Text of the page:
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Once the seeds from the field (with their mixture of grass stems, other type seeds and some sand) arrive at the seed cleaning mill, they are fed through the wooden structure cleaning machine that has four screens of varying size. The machine shakes the screens continuously while allowing various sized particles to fall through to the next level, while jettisoning trash. The frame, bins, the thin oak shaker strips and screen frames are all made of wood. The machine is electrically powered and operates with a series of ropes and pulleys. “We actually have 30 different size screens that we use from time to time, depending upon what type seeds we are running,” Biers, who is also a member of the Louisiana Air National Guard, explained. “During the cleaning process with this type of machine that was invented nearly a hundred years ago, we are testing our seed both under a microscope and by their weight to determine purity.” “The Louisiana Agriculture Department also comes by to test our seeds. We have testing probes for

each type of seed we clean. After the carpet grass seed, Pensacola Bahia grass seeds make up our next largest amount of seeds we clean. Wilmer Mills owned and operated the seed cleaning plant for 30 years. During that time period, he cleaned seed corn and soybean seeds for farmers for planting purposes.” The success of the Biers seed cleaning business actually begins in a farmer’s field with any type seed. Most cattlemen graze their carpet grass through early summer until the carpet grass is ready to go to seed in August. The seeds are harvested in August and usually cleaned in the winter. “The better the harvesting practices employed by the farmer or cattleman, the better seeds we will have to work with,” Biers, who is a Crew Chief on a UH 60 Black Hawk helicopter in the Air Guard, emphasized. “The better cleaning system the combine has, the less trash we find in the seeds when they arrive at the mills. When Wilmer was operating the plant, he would actually go out to the farm and make sure the settings on the combine were the best they could be for cleaning purposes.” “After the seeds are brought out of the field, they have to be dried on a wooden barn floor. The seeds I harvest for my own pastures are dried on the second story of a barn at Mr. Gilbert Mills’. It’s the same barn that you might have seen in the movie, “Dukes of Hazard,” with Burt Reynolds and Willie Nelson. In drying the seeds, you have to stir the seeds every few hours to help in the drying system.”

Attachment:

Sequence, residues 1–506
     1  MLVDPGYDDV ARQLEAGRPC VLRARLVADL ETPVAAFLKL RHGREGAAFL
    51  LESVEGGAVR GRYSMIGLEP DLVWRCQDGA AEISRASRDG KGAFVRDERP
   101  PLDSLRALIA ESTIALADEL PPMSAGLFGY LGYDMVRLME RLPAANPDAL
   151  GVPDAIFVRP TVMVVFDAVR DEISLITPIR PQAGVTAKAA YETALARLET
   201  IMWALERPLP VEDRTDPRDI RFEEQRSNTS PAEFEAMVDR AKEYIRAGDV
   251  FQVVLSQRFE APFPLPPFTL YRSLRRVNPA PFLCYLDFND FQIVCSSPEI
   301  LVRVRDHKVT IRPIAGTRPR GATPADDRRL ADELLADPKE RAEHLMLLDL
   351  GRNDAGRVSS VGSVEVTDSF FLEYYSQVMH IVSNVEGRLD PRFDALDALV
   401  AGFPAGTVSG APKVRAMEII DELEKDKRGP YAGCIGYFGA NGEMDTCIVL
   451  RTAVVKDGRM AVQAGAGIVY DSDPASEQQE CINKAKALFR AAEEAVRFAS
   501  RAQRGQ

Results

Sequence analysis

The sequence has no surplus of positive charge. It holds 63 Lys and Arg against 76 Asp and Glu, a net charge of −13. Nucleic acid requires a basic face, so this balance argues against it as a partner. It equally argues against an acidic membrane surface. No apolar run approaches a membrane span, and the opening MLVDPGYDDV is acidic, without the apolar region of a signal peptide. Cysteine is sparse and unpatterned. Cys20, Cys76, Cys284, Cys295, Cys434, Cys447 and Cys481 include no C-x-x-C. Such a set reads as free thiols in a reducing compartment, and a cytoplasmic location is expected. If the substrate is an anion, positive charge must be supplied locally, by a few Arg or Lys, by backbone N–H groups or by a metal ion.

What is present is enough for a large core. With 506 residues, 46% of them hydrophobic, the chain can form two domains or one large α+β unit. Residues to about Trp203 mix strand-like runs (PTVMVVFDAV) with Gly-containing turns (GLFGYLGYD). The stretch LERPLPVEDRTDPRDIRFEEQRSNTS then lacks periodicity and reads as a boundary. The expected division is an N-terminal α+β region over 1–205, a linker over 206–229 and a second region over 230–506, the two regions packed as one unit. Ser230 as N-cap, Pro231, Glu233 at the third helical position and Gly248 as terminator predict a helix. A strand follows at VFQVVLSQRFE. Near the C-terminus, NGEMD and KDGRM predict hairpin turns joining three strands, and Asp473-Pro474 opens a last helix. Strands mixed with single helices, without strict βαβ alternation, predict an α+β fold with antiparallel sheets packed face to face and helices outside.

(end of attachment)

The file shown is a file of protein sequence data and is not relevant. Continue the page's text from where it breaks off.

Once the seeds have been dried, they are loaded up for the trip to the “old seed-cleaning mill.” After cleaning to the purity level of 98%, the seeds are bagged, then stacked on pallets and then sent out on trailer trucks for destinations around the Gulf South. “When Wilmer was operating the plant, he had to find buyers for the seeds until he found a broker,’’ Biers noted. “That was a great move when he found a buyer because in our operations now, we know we have a ready buyer when the seeds are cleaned.” “I’m planning on moving the operation to a location closer to my house on the other side of the Plains Road in a couple of years. Operating it closer to my house will be a distinct advantage and I won’t be paying any rent. I do plan to make some minor updates, especially in the product handling, because at age 58, handling 50-pound bags all day gets tough physically. I don’t intend to make any real changes to this machine because, even after 70 years of operation in the Plains community, it actually works better in cleaning seed than most of the new metal versions of seed cleaning machines.” Writer’s note: Even though the “old seed cleaner” will probably be moved from the west side of the Plains Presbyterian church to a location a couple of miles to the east of the Plains Church, I don’t think it will lose its “living history aura.” One thought that I had as I stood there watching the “old seed cleaner” at work was, “Whoever invented that machine really knew what they were doing.”


Tuesday, May 6, 2014 Zachary POST 5

In Our Community

Special Interest Camps

Congratulations to the LA Lady Lightning 10U softball team for placing 2nd in the Fury Spring Fling Tournament! The tournament was held in Monroe, La., at The University of Louisiana at Monroe on April 26 & 27th. The team is based out of Zachary and is comprised of 9 & 10 year old girls from the Central, Zachary, St. Francisville & Watson areas. Pictured: L-R (Back Row) Coach Kellie Guercio, Coach Jason Guercio, Head Coach Brandon Bankston & Coach JC Fresina; (Middle Row) Kaitlyn McClure, Elaina Kreamer, Madelyn Edwards, Charleigh Parolli and Brianne Bankston; (Front Row) Mallory Kendrick, Morgan Fresina, Destiny Gary, Bailee Avants, Bailey Guercio and Autumn Vessier The Northwestern Middle Braves competed in a number of meets this season in surrounding areas. They ended their season with a first place win for the girls and second place for the boys in the Braves’ Finale held at Zachary High.

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Zachary POST Tuesday, May 6, 2014

Rollins Place Students Enjoy a Tour of the Zachary Branch Library

By Jen Bayhi-Gennaro

Thanks to the combined efforts of a team of Rollins Place Elementary teachers and the Zachary library, every student at the school had an opportunity to visit the library and receive their first library card at the end of April. The teachers hope this field trip helped to plant the seed for a lifetime of loving to read. More than 800 first and second graders were brought to the library on April 29-30 as part of a project to sustain students’ reading growth through the summer and prevent reading regression, says Rollins Place teacher Brandie McNabb. McNabb is a part of the team of teachers at Rollins chosen by the International Reading Association